- Y Psallwyr [Psalms of David]
- Cyngor Gweinidog [William Holmes, The Country Parson’s advice to his parishioners, first published in English in 1742, and translated into Welsh in 1769]
- 2 Vol’s of Sermons by Wilson [probably Thomas Wilson, Thirty-three sermons published in Bath in 1791, in 2 volumes]
- Answer to all excuses for not attending the Holy Communion [Edward Synge, An answer to all the excuses…, first published 1697]
- Select Psalms
- On the existence of God [unknown, several possible titles]
- One Volume of Blairs Sermons [Hugh Blair, Sermons,first published 1777]
- Enfields Speaker [William Enfield, The Speaker, first published 1774]
- Salmon’s Gazeeteer [sic] [Thomas Salmon, The Modern Gazetteer,first published 1746]
- History of Greece Robertson [William Robertson, The History of Ancient Greece, 1768]
- History of Greece Goldsmith [Oliver Goldsmith, The Grecian History, was first published 1774. The abridged version present in the Cardiff collection came out in 1787]
- History of England Goldsmith [first published 1764. Perhaps this was the abridgement in 12mo published in 1774]
- Barclay’s Dictionary [James Barclay, A Complete and Universal Dictionary, first published 1774]
- Guthrie’s Grammar [William Guthrie, A New Geographical, Historical, and Commercial Grammar, first published 1770]
- The practice of true devotion [Robert Nelson, first published 1715]
- Nicholl’s [sic] Paraphrase [William Nicholls, A paraphrase on the Psalter or Psalms of David, first published 1707]
- Thomson’s Seasons [James Thomson, The Seasons, first published together 1730]
- 2 Shenstones Works [William Shenstone, The works in verse and prose, first published 1764]
It is impossible to determine the edition date for many of the titles, but apart from the books of Psalms; The Whole Duty of Man (1658), Richard Allestree’s perennially popular book of practical devotion; and Edward Synge’s An Answer (1697), all of the titles first appeared in the eighteenth century, and many in the latter half of the century. While this suggests a relatively current library, the date of the Goldsmith edition – 1787 – tells us that the books were probably second-hand copies. The other factor to note about our Goldsmith book is that it is small – not much larger than a smartphone. Known as duodecimo (12mo) format, it is similar in size to those found in other servant libraries from the eighteenth and early nineteenth centuries. For example, at Felbrigg Hall in Norfolk (a National Trust house) there is a servants’ library of twenty-five books in their own miniature, locked bookcase. These books are all duodecimo. This was a common size for chapbooks, the small and cheap little books sold by travelling pedlars or chapmen. Seen as ephemera, most early examples of these popular books have not survived. Margaret Spufford’s wonderful study, Small Books and Pleasant Histories: Popular Fiction and its Readers in Seventeenth-Century England (London, 1981), is still the definitive history on chapbooks. Sadly, our list does not contain any of the famous old chapbook titles.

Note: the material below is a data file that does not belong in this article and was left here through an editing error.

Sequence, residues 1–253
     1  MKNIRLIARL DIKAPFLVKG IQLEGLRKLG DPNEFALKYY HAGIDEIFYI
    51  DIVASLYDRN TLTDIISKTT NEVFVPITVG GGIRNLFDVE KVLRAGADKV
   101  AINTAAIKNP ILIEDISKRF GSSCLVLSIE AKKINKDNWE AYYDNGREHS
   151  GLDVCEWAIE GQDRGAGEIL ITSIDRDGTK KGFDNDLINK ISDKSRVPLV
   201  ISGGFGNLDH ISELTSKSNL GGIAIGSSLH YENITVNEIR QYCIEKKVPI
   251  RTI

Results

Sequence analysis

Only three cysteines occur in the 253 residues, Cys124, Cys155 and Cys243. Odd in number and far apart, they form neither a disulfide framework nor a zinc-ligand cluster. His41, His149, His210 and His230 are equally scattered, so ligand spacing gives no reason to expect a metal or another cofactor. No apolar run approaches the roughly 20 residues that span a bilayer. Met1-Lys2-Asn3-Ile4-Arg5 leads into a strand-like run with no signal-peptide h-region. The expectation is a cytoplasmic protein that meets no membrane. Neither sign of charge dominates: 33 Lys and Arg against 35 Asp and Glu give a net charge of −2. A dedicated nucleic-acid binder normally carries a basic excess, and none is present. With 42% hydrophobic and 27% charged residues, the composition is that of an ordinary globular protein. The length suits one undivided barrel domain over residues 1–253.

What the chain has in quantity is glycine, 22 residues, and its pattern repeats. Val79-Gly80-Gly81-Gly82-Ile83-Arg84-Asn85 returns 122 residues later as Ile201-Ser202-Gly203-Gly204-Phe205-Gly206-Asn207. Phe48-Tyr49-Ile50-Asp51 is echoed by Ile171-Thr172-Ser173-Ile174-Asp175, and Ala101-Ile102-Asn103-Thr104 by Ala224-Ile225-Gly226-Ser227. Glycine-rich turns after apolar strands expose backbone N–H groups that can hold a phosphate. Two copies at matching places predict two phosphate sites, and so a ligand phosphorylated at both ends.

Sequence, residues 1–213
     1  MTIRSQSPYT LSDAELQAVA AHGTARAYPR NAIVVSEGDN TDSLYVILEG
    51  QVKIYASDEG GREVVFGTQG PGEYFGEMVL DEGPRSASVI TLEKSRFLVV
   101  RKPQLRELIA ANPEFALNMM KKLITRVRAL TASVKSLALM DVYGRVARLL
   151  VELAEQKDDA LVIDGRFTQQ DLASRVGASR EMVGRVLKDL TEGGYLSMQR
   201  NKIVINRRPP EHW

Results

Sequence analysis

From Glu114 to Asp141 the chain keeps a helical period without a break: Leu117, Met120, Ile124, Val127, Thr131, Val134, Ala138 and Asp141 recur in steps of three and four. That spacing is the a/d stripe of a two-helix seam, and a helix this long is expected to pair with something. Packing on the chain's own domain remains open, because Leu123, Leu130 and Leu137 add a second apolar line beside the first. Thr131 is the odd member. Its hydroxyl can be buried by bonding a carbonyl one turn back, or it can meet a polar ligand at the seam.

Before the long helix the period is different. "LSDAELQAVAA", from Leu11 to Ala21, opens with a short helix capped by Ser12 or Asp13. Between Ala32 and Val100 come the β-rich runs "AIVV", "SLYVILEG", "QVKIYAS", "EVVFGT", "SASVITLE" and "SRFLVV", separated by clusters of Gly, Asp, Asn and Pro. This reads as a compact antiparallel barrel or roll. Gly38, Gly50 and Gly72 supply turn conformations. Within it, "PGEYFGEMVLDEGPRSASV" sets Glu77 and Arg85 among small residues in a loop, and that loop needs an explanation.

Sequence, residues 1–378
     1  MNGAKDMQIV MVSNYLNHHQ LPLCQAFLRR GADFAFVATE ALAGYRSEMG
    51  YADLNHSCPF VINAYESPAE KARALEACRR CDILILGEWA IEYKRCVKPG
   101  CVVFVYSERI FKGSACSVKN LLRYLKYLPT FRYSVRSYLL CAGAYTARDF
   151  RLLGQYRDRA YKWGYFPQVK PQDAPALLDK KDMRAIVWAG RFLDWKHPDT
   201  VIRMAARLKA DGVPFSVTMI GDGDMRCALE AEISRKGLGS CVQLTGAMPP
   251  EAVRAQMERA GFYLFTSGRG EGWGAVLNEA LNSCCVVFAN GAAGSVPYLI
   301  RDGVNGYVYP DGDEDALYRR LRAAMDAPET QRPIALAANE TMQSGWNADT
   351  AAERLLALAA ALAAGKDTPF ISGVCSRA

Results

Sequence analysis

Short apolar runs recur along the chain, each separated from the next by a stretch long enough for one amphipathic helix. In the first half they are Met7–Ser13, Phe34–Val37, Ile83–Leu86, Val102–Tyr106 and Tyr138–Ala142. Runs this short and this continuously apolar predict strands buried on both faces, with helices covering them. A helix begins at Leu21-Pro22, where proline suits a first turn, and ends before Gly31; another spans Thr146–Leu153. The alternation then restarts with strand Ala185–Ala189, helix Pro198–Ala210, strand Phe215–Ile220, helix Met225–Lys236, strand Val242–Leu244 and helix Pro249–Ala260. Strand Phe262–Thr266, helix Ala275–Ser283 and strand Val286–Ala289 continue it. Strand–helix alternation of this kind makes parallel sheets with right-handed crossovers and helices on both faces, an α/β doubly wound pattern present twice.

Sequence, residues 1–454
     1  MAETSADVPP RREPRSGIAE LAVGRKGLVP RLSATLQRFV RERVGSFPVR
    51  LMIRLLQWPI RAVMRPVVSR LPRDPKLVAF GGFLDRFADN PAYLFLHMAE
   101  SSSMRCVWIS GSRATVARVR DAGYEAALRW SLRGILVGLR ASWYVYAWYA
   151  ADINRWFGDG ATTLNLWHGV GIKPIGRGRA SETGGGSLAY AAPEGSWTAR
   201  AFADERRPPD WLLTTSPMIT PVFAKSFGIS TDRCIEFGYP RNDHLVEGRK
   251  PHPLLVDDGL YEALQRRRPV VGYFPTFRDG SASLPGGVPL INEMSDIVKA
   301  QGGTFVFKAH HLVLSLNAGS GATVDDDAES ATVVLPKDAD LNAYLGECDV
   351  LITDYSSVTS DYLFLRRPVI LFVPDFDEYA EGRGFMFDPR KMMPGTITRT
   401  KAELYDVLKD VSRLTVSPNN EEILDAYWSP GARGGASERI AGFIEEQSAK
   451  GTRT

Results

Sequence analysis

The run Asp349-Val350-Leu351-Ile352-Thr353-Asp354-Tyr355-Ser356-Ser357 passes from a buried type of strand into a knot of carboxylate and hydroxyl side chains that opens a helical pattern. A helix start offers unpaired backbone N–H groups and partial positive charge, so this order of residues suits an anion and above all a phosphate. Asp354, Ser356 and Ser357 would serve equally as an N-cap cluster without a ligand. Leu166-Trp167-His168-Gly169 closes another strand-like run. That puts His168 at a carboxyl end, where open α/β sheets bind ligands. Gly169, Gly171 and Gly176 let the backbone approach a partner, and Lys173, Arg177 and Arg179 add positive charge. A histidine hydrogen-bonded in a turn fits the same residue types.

Instead, in 1815, it is religious titles that dominate the list (11 of the 20 titles), but there is more variety here than other examples of nineteenth-century servants’ libraries. The Felbrigg servants’ library, for example, is entirely religious (all 25 texts were published by the Religious Tract Society). Frances’s selection, on the other hand, has more in common with the servants’ library at Alnwick Castle. Like the duchess, Frances provided her servants with books of a practical nature; that is, works that could help them learn about the world as well as advance their job prospects. For example, there is a book to help the servants learn to read. The long title of William Enfield’s The Speaker (item 10) explains that it contains ‘miscellaneous pieces, selected from the best English writers… with a view to facilitate the improvement of youth in reading and speaking.’ There are also general knowledge dictionaries and grammars. James Barclay’s ‘Dictionary’ (item 15) is not just a dictionary of words and definitions in the modern sense, but also contained a history of ‘the counties, cities, and market towns in England, Wales, and Scotland’, ‘a sketch of the constitution, government, and trade of England’, and ‘an outline of antient and modern history’. Likewise, Guthrie’s ‘Grammar’ (item 16) provided geographical knowledge about the ‘Land and Water, Continents and Islands’, ‘Climate, Air, Soil, vegetable Productions, Metals, Minerals’, among other things. The Modern Gazetteer (item 11) was another work of geographical and historical knowledge, written by a man who circumnavigated the world with George Anson in the 1740s. These works imparted general knowledge about the world beyond Wales, and as such provided both instruction and entertainment.